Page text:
We found three cucumbers that missed the first round of pickling and wanted to try a method similar to when you get a bowl of the delicious quick pickles at Ted’s Montana Grill. Rather than try to replicate that recipe, we just did an online search for quick pickles and ended up trying Rachael Ray’s quick pickles.
Since we had grown dill this year, the only ingredient we had to pick up was mustard seed. (We’re planning on growing mustard greens starting in the fall so going forward, that deficiency will be remedied and we won’t need to rely on the store spice).
This recipe is very simple and the results are super tasty. Highly recommended for a bowl of yummy pickles to enjoy with BBQ or anything grilled!
What’s your favorite thing to pickle? Okra is on our list for next year…
A few years ago, we thought it would be neat to try and grow everything for salsa. That was a great experiment and taught us a lot in preparation for this year where we’re figuring out how many things can be pickled. The answer is almost anything. We use a refrigerator pickle recipe from “All Day I Dream About Food” with a bit of heat from jalapeno (although you can do with most any pepper, we’ve tried with Thai chilies with good success.)
We’ve been harvesting the Chinese red noodle beans about every other day and had a good stash built up. We had thought to freeze them (and will with the next few batches) but really thought a good pickling may be fun.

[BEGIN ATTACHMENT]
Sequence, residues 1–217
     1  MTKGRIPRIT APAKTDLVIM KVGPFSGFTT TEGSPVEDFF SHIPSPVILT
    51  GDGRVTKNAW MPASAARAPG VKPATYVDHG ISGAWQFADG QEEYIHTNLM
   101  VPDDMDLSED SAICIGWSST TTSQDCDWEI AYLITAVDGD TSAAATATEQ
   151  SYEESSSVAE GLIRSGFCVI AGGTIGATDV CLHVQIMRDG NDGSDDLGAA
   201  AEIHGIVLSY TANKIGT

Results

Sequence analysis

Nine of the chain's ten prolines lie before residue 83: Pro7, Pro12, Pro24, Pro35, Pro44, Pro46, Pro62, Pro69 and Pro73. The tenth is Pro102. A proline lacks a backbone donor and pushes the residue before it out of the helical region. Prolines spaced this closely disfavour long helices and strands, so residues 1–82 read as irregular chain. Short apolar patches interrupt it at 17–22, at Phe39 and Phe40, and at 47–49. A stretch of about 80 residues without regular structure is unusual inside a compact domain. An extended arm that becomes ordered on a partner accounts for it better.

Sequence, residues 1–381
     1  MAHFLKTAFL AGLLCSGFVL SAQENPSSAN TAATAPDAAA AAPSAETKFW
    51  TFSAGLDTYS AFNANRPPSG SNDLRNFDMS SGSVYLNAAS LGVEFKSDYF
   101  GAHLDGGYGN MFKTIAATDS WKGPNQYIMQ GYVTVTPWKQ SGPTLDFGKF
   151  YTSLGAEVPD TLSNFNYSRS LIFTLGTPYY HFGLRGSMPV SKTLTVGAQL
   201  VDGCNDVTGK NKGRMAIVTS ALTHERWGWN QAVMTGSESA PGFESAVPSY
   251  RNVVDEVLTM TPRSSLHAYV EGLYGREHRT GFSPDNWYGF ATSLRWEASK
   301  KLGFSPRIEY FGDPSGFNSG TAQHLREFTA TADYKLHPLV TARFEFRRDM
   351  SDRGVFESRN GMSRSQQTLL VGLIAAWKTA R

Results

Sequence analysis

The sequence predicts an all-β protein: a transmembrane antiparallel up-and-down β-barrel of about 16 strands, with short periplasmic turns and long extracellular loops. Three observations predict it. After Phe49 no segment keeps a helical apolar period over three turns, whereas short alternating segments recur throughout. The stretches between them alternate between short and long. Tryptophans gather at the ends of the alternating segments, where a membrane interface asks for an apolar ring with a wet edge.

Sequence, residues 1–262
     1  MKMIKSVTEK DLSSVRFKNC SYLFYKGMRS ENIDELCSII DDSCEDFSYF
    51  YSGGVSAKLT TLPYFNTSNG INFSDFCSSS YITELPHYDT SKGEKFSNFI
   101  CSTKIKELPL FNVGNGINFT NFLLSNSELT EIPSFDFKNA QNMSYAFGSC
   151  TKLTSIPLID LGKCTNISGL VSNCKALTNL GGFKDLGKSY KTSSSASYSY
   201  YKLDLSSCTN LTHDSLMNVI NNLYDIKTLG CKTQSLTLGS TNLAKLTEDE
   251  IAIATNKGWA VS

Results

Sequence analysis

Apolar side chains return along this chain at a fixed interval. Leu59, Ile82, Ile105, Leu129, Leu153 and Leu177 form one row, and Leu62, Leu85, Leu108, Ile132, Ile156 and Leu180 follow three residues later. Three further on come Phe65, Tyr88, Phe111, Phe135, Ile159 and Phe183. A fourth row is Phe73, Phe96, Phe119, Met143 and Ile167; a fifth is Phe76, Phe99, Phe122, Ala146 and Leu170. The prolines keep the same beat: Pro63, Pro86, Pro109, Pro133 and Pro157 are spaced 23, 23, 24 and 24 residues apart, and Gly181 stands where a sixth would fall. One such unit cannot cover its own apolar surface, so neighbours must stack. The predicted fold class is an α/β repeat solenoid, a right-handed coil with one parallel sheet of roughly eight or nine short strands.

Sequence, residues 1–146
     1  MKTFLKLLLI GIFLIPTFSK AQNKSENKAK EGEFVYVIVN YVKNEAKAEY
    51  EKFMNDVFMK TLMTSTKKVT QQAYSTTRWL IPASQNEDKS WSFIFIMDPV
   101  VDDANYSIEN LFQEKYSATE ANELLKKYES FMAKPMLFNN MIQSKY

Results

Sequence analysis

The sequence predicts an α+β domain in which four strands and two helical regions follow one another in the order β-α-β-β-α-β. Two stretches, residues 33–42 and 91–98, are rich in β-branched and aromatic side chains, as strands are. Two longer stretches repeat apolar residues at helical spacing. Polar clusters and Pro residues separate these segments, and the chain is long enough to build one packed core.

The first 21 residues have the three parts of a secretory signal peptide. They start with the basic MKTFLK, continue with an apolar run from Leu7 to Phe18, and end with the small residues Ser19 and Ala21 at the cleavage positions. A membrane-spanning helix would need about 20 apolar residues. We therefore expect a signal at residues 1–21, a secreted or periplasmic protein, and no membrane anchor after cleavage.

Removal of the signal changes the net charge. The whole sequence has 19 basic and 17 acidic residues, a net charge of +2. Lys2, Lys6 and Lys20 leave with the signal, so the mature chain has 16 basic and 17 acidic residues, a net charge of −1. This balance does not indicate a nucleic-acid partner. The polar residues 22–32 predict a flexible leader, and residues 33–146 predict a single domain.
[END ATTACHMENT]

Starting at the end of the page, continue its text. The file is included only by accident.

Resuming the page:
The Sumter cucumbers matured very quickly although a bit oddly shaped (which in reading seems from uneven pollination so going to try some hand pollination for the next ones growing). One we left in it’s cute small form and the rest we sliced a bit on the thick side.
We were excited to be able to use dill from the garden but left some to grow for the next batch. It’s likely we’ll have to buy a bit more though since we didn’t get a ton.
How do you pickle? Spicy or not? What else have you pickled? Peppers? A peck of those peppers?
This garden has sparked us to try and do as much as we can ourselves including using a rain barrel, composting, building our own raised beds and trellis (trellises? trelli?) and even creating planters out of concrete. Everything you’ve read or seen online is true probably about making your own planters out of concrete — it’s really easy. Before it dries, concrete mixtures are quite forgiving and not really exact for the recipe so it becomes more of an issue of how far you let your creative mind flow.
We’ve used variants of a few recipes we found online but mainly this hypertufa recipe from Lowe’s. We went a bit overboard with materials and now have enough vermiculite and peat moss for the zombie apocalypse but hey, any time we want to make a pot, we’re ready for that too!
If you’ve never worked with concrete and are a bit leery of getting started with separate materials, just start with a bag of Quickcrete where all you have to add is water. You’ll get a different look but don’t have to worry about ratios and additional bags of stuff to be stored on the patio or garage.